Walmart, KFC, Burger King Paper Purchases Destroying Indonesia's Rainforests

A new report from Greenpeace points the finger at the international companies responsible for Indonesian deforestation, and the international brands aiding and abetting them.

Greenpeace is again pointing a finger the international companies responsible for Indonesian deforestation, and the international brands aiding and abetting them through purchasing their products. This time it's the Sinar Mas group and their subsidiary Asian Pulp & Paper clearing forest and Walmart, Burger King, Dunkin Donuts, KFC, and other well-known consumer names that are helping them, albeit one step removed.

Critical Endangered Species Habitat & Carbon-Storing Rainforest Cleared Illegally
The new blame and shame report How Sinar Mas is Pulping the Planet [PDF] documents how Asian Pulp &Paper is clearing forest in the Bukit Tigapuluh Forest Landscape and in the Kerumantan peat forest, both on the island of Sumatra.

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Bukit Tigapuluh is one of the last areas where critically endangered Sumatran tigers, and the slightly less endangered Orangutan, live. Kerumutan's peat forests are a major repository of stored carbon in the soil; clearing the forest not only removes the above ground carbon sink in the form of trees and forest floor biomass, but also releases all that stored carbon as the peat dries out--it's also illegal under Indonesian law.

Rolf Skar from Greenpeace: "Kerumutan and Bukit Tigapuluh are just two of many endangered forests being decimated by Sinar Mas for paper and palm oil expansion. Indonesian president Yudyohono's new commitments to reduce greenhouse gas emissions from deforestation will be undermined unless he extends the moratorium on new deforestation licenses to cover all forest and peatlands that are currently slated for destruction by Sinar Mas and other companies."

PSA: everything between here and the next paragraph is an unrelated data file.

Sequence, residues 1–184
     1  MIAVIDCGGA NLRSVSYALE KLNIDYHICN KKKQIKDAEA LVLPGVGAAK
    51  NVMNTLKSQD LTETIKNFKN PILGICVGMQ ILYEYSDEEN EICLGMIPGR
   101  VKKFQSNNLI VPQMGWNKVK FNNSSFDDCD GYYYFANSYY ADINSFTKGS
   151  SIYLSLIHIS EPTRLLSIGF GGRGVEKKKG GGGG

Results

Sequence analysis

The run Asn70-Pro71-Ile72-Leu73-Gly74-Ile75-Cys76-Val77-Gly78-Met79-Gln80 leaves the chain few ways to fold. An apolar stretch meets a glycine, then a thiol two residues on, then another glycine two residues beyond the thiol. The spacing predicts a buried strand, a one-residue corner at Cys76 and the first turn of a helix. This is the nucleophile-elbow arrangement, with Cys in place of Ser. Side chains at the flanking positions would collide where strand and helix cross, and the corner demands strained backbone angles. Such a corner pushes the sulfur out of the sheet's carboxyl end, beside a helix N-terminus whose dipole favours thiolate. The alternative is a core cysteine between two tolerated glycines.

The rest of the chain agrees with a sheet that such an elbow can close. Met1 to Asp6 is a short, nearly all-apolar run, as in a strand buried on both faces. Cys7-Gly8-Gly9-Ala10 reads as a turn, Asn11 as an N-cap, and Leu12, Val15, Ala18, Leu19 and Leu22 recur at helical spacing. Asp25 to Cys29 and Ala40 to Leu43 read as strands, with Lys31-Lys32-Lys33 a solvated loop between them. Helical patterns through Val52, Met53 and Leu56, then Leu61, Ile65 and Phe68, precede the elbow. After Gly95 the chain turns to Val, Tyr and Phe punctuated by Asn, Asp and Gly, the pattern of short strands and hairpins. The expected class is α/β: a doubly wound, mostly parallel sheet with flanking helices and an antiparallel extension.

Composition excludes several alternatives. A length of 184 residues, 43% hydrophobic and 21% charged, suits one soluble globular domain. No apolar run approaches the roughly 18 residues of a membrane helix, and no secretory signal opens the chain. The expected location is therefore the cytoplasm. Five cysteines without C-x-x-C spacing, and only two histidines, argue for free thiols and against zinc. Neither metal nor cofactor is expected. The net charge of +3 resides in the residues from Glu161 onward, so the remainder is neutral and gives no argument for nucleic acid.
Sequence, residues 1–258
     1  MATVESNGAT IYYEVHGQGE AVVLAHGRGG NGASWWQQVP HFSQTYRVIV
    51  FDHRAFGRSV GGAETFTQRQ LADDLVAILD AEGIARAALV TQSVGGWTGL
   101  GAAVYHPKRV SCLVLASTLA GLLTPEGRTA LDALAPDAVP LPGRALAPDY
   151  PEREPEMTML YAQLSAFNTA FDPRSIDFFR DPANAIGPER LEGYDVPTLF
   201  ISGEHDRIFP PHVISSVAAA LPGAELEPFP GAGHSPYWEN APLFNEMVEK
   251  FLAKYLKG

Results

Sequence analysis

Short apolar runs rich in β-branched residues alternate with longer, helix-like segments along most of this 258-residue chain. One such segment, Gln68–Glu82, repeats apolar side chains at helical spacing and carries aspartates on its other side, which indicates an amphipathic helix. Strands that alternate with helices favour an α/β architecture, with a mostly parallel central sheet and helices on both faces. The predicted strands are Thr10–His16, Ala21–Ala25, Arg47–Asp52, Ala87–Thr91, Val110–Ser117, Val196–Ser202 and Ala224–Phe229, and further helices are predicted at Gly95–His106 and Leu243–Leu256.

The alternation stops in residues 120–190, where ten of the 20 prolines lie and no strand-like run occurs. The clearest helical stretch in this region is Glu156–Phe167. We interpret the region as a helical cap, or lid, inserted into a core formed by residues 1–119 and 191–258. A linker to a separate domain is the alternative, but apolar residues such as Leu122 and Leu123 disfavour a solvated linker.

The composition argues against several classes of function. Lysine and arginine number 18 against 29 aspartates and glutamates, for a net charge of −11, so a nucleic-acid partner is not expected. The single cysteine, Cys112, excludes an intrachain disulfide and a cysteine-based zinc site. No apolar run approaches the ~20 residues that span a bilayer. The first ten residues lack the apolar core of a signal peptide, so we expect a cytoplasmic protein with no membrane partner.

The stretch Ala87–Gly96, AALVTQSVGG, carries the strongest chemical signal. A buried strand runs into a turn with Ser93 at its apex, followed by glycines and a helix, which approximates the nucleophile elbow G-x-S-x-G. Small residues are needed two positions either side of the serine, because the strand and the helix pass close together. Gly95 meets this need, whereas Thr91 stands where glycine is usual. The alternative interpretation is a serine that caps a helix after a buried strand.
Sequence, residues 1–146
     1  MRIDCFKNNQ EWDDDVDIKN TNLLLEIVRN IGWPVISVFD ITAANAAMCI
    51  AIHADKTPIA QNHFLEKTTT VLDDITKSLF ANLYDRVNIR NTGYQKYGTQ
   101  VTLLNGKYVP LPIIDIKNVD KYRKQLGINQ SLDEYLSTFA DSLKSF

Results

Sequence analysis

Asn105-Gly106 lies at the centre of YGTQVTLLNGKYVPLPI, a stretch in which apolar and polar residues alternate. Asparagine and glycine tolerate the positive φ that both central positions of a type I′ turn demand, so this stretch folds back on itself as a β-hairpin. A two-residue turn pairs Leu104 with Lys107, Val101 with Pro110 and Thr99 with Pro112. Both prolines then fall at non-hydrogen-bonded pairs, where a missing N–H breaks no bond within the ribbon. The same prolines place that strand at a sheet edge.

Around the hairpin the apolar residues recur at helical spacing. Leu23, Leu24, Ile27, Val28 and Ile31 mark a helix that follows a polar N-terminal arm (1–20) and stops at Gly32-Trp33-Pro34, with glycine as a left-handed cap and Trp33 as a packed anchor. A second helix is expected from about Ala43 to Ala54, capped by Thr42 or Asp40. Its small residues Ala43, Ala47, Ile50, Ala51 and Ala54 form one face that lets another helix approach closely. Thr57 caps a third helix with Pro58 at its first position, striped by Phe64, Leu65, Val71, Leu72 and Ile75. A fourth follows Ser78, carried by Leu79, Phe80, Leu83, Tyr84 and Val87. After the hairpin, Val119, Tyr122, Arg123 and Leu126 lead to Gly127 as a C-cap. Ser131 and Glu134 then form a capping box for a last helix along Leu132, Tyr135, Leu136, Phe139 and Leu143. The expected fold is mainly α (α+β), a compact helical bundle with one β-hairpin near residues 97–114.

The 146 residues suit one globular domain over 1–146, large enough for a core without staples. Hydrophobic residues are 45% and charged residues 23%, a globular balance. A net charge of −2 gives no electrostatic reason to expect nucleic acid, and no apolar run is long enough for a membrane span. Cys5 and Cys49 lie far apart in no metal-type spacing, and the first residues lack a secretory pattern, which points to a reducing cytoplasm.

Indonesia the World's Third Largest Carbon Emitter, Thanks to Deforestation
Not to be overly pedantic, but if Indonesia's forest clearing was just decimation (removal of a tenth) things wouldn't be so bad. As it stands, because of its rampant and rapid deforestation, Indonesia has become the world's third-largest carbon emitter--if you include emissions from deforestation, which isn't always done. In the process, habitat for several endangered species, like the aforementioned tigers and orangutan but also elephants and other species, becomes further and further reduced. A full 25% of the world's greenhouse gas emissions from deforestation can be traced to Indonesia.

Why Focus on Walmart, Dunkin Donuts, Burger King & KFC?
Greenpeace points out that several large corporations have stopped doing business with Sinar Mas, when they were presented with the evidence. Kraft, Kimberly-Clark, Nestle, Unilever, Staples, Office Depot and HSBC have all done so--or will do so if Sinar Mas doesn't make its practices more ecologically sustainable.

But so far Walmart, Dunkin Donuts & KFC have not done so. Other brands implicated in the report include French supermarket chains Carrefour (in Indonesia and China) and Auchan (in China), British supermarket chain Tesco (in China), British retailer WH Smith (in the UK), Hewlett Packard (in Brazil), and more.

Greenpeace's Skar again: "It's for companies like Burger King, Dunkin Donuts and Kentucky Fried Chicken to catch up. We're calling on companies in this report to stop doing business with Sinar Mas immediately. In addition, we urge them to publicly support the immediate production of Indonesia's peatlands and back a moratorium on rainforest destruction."

Additional steps the report calls for include:
Introduction of a "zero-deforestation policy that includes a set of requirements which suppliers must meet for all commodities linked to deforestation and peatland destruction.

Introduction of a paper procurement policy "which sets ambitious targets to use as much post-consumer recycled paper as possible, and ensures that any virgin fiber is certified to the standards of Forest Stewardship Council or an equivalent system."

Matthew McDermott writes about alternative energy for TreeHugger.